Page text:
This is a bit of a departure from my usual spinning and knitting blogs. However, when you come down to it, this was really the whole reason I learned to spin to begin with!
Way back when, I was a theatre costumer. Then I was a living history reenactor and made historic clothing. Then I learned to weave. Somewhere along the line, I got the bright idea, “Wouldn’t it be cool to sew historic clothing with fabric I spun and wove myself?”
Cool, yes, but who knew the learning curve was so large?
It took some doing, but I finally reached the point where I was weaving cloth but then stopped to learn to knit and was completely sidetracked. However, one project I did finish was an-about-three-yard-long piece of linsey-woolsey.
The yarn was spun from a Romney fleece from “Silver,” a ewe owned by Sandy Morris in Cold Water, Michigan. I warped my Schacht rigid heddle with a linen warp and used the Romney singles for the weft. I should have either spun the singles a tad thicker, or else used a 12-dent reed, but for a first try, it was pretty good. I fulled the piece by throwing it into the washer and monitoring it to the point just before it felted.
For several years, I carted around my length of linsey woolsey to all my reenactments and demonstrations. I don’t believe half the people who saw it remotely understood what it was all about. However, I did find one believer.
My friend Glen May is the education director for the Monmouth County Historical Society. For the past few years, John and I have been presenting our spinning demonstration at the MCHA’s Holmes-Hendrickson House site in Holmdel, New Jersey. We do the Wool Days in April (this year, April 24 and 25), along with isolated other appearances.
Glen coveted my handspun, handwoven linsey-woolsey. Slight of build, he kept holding up the 15-inch-wide width and saying it was perfect for a waistcoat. Finally, Glen scored a real double-header: he got me to agree to make completely from scratch a pair of black wool Colonial stockings, to go along with his new linsey-woolsey waistcoat. How could I turn down that challenge?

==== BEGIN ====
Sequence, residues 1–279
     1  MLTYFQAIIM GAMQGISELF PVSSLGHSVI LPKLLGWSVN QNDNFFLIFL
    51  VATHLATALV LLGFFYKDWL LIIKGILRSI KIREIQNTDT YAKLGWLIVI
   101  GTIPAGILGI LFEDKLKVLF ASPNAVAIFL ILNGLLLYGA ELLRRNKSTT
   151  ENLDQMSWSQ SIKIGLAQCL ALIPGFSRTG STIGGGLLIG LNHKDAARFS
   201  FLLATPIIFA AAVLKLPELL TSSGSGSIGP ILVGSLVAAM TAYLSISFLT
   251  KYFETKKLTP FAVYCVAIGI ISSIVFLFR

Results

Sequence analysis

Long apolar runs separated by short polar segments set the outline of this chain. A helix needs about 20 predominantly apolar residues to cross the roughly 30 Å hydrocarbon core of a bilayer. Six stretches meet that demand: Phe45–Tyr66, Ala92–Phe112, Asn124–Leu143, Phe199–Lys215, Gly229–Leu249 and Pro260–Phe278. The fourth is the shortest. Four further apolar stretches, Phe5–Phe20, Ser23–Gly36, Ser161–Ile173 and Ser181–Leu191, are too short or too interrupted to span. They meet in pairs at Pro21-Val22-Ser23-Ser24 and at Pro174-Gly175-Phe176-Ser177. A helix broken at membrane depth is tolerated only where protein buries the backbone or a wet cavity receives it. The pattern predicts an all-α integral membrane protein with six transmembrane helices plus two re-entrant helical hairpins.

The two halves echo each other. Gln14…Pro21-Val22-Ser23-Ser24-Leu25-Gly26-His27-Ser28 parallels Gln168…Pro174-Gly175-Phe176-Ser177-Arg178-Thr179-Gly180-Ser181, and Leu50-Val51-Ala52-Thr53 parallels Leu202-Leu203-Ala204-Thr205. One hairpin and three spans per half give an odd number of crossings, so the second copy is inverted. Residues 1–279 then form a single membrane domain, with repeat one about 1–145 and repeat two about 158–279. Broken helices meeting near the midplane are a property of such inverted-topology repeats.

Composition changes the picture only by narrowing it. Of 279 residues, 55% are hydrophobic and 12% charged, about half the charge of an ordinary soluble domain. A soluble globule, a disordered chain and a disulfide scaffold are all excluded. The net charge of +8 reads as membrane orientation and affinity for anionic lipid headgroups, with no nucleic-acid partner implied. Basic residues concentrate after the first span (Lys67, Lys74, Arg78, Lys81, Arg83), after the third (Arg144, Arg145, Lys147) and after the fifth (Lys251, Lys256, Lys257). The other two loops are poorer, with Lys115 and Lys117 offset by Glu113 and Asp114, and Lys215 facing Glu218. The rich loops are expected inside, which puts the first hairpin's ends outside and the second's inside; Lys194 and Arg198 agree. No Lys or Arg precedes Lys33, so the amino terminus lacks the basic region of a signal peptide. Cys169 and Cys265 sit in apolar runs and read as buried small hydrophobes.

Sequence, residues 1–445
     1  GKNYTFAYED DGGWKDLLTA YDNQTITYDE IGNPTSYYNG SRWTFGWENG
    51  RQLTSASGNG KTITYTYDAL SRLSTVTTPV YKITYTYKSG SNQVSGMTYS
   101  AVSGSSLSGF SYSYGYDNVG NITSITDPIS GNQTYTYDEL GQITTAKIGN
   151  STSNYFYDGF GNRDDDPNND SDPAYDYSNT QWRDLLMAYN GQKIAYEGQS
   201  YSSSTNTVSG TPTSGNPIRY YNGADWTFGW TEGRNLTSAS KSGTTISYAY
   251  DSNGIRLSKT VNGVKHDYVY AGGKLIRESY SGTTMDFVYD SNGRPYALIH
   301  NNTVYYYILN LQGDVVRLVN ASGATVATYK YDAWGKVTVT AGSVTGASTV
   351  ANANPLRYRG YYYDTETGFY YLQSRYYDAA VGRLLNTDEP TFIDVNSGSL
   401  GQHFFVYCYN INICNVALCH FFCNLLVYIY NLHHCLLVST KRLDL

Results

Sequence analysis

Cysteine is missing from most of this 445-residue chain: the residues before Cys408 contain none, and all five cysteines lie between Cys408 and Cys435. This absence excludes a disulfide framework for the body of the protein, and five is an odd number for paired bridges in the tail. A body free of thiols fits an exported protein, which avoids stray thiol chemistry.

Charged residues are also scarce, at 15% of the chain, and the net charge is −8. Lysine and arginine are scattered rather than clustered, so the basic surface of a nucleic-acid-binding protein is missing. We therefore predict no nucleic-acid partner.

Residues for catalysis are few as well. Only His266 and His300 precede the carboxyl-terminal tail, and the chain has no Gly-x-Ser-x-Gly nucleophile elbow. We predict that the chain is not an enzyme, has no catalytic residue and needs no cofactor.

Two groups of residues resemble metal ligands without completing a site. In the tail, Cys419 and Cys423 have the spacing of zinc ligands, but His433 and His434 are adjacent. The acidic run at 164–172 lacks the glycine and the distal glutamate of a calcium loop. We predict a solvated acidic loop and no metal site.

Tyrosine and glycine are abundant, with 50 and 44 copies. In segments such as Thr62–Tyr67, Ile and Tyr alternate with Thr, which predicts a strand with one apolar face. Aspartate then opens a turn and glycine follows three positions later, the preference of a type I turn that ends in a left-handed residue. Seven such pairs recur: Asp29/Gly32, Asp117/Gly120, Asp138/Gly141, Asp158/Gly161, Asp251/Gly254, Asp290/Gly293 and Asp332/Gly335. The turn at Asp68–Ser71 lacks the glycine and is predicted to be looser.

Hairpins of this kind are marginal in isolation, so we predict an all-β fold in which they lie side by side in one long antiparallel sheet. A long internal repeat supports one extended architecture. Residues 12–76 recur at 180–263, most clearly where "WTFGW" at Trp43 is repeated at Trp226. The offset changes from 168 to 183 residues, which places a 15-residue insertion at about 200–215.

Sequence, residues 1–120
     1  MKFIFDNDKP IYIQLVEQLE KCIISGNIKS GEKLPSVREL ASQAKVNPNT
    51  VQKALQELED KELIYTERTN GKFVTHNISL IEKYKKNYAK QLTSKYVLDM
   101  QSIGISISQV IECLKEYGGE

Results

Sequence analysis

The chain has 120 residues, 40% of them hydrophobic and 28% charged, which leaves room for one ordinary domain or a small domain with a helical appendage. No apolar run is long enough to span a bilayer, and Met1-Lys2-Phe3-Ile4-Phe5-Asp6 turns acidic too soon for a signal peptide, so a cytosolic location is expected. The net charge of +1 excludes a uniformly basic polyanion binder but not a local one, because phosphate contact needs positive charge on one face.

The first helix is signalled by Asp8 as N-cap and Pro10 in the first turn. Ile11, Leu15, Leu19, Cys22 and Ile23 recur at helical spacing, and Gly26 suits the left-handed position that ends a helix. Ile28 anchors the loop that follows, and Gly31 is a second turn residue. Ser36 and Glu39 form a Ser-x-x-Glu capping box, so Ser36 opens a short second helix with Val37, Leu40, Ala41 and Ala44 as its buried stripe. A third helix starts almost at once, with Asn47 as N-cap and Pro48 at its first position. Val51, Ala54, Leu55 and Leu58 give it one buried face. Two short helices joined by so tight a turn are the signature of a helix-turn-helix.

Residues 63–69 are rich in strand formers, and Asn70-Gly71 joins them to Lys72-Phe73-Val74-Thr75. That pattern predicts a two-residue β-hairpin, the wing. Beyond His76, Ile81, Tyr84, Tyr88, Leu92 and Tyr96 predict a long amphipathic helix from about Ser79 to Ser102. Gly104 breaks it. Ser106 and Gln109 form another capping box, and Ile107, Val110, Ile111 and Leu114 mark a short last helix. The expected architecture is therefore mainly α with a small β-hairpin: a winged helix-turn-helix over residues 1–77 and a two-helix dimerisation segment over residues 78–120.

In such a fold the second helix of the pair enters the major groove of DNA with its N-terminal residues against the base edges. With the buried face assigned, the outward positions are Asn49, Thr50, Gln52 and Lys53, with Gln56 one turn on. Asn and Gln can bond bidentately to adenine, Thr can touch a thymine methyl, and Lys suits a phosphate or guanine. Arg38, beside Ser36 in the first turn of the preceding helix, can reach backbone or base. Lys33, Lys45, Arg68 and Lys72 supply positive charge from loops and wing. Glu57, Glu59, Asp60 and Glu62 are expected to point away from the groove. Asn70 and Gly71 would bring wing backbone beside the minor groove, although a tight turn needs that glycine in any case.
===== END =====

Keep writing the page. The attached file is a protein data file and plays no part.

I will do another post about finding the perfect fleece for the stockings. The waistcoat was a bit easier, having already made the fabric. And, the joys of having a fully stocked sewing room on premises – here is the linsey woolsey to the left, a length of natural color heavy linen for the waistcoat back to the center, and a lighter lining weight linen on the right:
I am using the J.P. Ryan Men’s Waistcoat Pattern. I had to position this several times to make sure I had it right. No “do over’s” with handwoven.
The fabric width was just short of the pattern piece and will require piecing for the lower side flaps.
The pockets sewed up quickly:
My chiropractor has me on a knitting hiatus for a week or so, so expect more on the linsey-woolsey waistcoat!
I Love this post. I can’t find a date on it, so I’m not sure when it’s from, but I just found it in 10/2017 when I typed in a search for “linsey-woolsey.” I am an independent clothing designer with a long interest in historical materials and production practices (though no formal training in historical textiles).
I began my search already knowing what linsey woolsey was, but I was trying to find someone out there who produces it. Not so easy to find!! I admire that you produced it yourself.